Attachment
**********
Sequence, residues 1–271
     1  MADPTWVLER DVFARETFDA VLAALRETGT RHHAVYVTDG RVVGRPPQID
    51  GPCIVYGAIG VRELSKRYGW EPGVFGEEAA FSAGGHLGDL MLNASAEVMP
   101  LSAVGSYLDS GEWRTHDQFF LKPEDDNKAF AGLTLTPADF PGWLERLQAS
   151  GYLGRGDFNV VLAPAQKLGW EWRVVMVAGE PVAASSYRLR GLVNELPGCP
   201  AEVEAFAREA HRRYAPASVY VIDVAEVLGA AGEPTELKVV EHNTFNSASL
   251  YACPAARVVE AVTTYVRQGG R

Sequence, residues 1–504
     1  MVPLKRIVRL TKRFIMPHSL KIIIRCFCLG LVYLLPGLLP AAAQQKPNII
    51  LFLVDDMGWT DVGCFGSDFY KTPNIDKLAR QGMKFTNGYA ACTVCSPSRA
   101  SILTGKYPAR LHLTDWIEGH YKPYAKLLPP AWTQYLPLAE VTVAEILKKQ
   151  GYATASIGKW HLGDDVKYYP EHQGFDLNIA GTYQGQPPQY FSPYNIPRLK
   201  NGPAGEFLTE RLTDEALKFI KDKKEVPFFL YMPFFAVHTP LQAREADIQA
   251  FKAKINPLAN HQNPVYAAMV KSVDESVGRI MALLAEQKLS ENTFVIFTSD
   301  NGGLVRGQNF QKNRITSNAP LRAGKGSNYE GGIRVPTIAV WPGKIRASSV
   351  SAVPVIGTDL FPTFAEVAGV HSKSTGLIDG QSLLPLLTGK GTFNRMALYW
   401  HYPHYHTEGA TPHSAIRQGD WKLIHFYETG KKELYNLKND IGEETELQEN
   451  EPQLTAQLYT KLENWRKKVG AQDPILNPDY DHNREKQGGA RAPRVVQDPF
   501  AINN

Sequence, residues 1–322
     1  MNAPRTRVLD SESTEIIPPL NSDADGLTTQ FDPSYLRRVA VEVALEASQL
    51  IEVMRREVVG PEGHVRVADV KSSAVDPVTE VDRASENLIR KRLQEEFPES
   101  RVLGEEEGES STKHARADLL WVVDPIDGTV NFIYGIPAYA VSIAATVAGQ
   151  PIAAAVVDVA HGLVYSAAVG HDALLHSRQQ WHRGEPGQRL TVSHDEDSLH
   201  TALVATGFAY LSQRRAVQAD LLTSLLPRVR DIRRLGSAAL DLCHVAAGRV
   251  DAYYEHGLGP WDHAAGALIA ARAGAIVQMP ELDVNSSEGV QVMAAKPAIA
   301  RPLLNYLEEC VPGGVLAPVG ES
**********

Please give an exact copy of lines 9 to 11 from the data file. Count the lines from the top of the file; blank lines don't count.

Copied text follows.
     1  MVPLKRIVRL TKRFIMPHSL KIIIRCFCLG LVYLLPGLLP AAAQQKPNII
    51  LFLVDDMGWT DVGCFGSDFY KTPNIDKLAR QGMKFTNGYA ACTVCSPSRA
   101  SILTGKYPAR LHLTDWIEGH YKPYAKLLPP AWTQYLPLAE VTVAEILKKQ